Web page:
As for the elections for the Central Committee and the Revolutionary Council, there was a clear appetite among the members to run for these positions: around 70 members announced their candidacy for 18 Central Committee positions while more than 450 candidates stood for the 80 Revolutionary Council positions.
The final results of the elections of the Central Committee, which is seen as Fatah’s executive branch and top leadership body, largely maintained the membership of the most prominent names close to Abbas: 12 members retained their seats and six new members were elected, all Abbas loyalists. Of the four sitting members from Gaza, Nasser al-Qudwa was the only one to keep his seat. Only one woman was elected.
The Revolutionary Council elections were dominated by leaders from the West Bank. The Gaza Strip won 15 seats, and 11 women were elected.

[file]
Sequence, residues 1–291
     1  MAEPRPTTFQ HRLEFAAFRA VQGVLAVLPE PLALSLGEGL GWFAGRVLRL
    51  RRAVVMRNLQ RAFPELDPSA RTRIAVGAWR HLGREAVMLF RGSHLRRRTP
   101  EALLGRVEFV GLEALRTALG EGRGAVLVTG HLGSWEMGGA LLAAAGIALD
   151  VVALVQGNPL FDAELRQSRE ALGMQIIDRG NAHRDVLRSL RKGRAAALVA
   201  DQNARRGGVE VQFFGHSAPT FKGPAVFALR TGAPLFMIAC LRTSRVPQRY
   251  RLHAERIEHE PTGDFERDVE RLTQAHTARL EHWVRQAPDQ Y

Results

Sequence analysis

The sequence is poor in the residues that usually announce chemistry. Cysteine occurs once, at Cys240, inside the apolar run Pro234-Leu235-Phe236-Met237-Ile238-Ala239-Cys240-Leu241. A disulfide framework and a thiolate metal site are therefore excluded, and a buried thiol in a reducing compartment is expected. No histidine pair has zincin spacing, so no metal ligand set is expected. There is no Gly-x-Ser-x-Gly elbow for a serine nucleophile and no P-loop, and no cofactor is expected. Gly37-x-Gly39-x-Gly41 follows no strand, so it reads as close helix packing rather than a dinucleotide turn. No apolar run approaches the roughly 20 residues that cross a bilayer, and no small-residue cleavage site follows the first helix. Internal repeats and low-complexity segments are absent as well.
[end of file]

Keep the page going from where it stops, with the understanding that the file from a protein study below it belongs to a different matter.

The congress succeeded in form, but difficult tasks inevitably lie ahead. As Abbas put it in his closing speech, the congress had surpassed the smallest jihad and it now faces the greatest jihad.
© Copyright Notice
Click on link to view the associated photo/image:
©Hollandse Hoogte ⁃ Shadi Hatem
We would like to ask you something …
Fanack is an independent media organisation, not funded by any state or any interest group, that distributes in the Middle East and the wider world unbiased analysis and background information, based on facts, about the Middle East and North Africa.
The website grew rapidly in breadth and depth and today forms a rich and valuable source of information on 21 countries, from Morocco to Oman and from Iran to Yemen, both in Arabic and English. We currently reach six million readers annually and growing fast.
In order to guarantee the impartiality of information on the Chronicle, articles are published without by-lines. This also allows correspondents to write more freely about sensitive or controversial issues in their country. All articles are fact-checked before publication to ensure that content is accurate, current and unbiased.